Probably the most important consideration, when choosing what type of guitar to learn on, is what type of music will be played on the instrument. If you're a fan of rock music, and want to learn to play rock guitar, starting on electric guitar is a logical choice. If, however, you're a fan of acoustic music, and want to learn to strum your favorite songs, an acoustic guitar is probably best for you. The importance of the above philosophy can't be stressed enough. If you get stuck with the wrong type of guitar, you're going to have much less motivation to pick it up and play it regularly. 
Note to parents: this same principle applies when picking out a guitar for your child. Try to realistically assess what they'dlike best, as opposed to what you'dlike them to play. Their progress will be noticably better when playing a guitar they like.
Ease of Learning

Depending on your personality type, this might either play a major factor in deciding which guitar to start on, or might be irrelevant. Some people find if they don't see results quickly, they get discouraged, and lose interest in playing guitar altogether. If you think you (or the person you're buying for) are one of those people, an electric guitar is probably the instrument to start on. Electric guitars have smaller bodies, smaller necks, and it's much easier to press down the strings. Essentially, you can start playing the *basics* of guitar much more quickly and easily on an electric guitar, than you can on an acoustic. Having said that, there are a few knobs and buttons on an electric guitar that can complicate using it somewhat.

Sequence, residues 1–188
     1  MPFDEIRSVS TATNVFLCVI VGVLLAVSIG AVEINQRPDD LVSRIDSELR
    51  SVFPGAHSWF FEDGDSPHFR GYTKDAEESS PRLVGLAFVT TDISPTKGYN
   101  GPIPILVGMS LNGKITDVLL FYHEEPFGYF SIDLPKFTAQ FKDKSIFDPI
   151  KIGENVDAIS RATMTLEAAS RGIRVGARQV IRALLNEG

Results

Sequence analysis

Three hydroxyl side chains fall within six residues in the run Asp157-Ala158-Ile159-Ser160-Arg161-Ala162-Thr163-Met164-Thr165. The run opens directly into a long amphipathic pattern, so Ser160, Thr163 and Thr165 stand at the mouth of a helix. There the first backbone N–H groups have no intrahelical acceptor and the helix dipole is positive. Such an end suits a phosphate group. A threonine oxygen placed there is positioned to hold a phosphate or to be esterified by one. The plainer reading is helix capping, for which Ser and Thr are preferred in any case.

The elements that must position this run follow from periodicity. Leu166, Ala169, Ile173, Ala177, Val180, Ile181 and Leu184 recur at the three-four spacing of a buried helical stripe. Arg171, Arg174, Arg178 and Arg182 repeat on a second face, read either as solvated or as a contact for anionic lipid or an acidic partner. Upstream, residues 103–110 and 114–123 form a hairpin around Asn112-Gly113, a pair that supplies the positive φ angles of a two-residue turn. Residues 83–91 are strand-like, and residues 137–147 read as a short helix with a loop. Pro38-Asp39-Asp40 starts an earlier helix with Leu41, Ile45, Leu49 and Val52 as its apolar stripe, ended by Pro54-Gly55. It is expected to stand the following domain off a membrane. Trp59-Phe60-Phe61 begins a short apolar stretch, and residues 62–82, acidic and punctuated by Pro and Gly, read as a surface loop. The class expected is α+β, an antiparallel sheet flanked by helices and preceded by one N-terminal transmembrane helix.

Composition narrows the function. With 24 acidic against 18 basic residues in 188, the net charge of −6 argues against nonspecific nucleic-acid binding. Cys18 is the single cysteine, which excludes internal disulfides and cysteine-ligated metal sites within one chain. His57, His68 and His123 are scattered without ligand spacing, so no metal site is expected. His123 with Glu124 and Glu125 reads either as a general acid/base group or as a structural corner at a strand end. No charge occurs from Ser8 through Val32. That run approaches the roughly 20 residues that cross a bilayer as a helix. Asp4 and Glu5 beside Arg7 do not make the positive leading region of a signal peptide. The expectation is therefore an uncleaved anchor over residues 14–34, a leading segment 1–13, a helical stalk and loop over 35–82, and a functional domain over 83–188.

Budget Considerations

Understandably, paying a whole lot for a first guitar isn't very desirable, especially if you're not even sure if playing guitar is something you (or whomever you're buying for) will stick with. For this reason, acoustic guitars are more often the choice for a first instrument, since they tend to be slightly less expensive. Electric guitars require the purchase of an amplifier, and a guitar cable, so they can end up costing a little more. If you want to learn on an electric guitar, but budget is a serious issue, many guitar stores offer starter electric guitar/amp packages at very reasonable prices.

Making the Decision

Now I've given you some things to consider, it's time for you to decide which type of guitar is best suited for you, or for whomever you're buying for. Let's summarize - if the person in question frustrates easily, or listens to and wants to play "hard rock" music, definitely think electric guitar. If, however, the person in question wants to learn songs to sing along to, and can handle a slightly steeper learning curve, then an acoustic guitar might be in order. 
Once you've made a decision, take a look at the following page for a few recommendations on specific guitars to buy.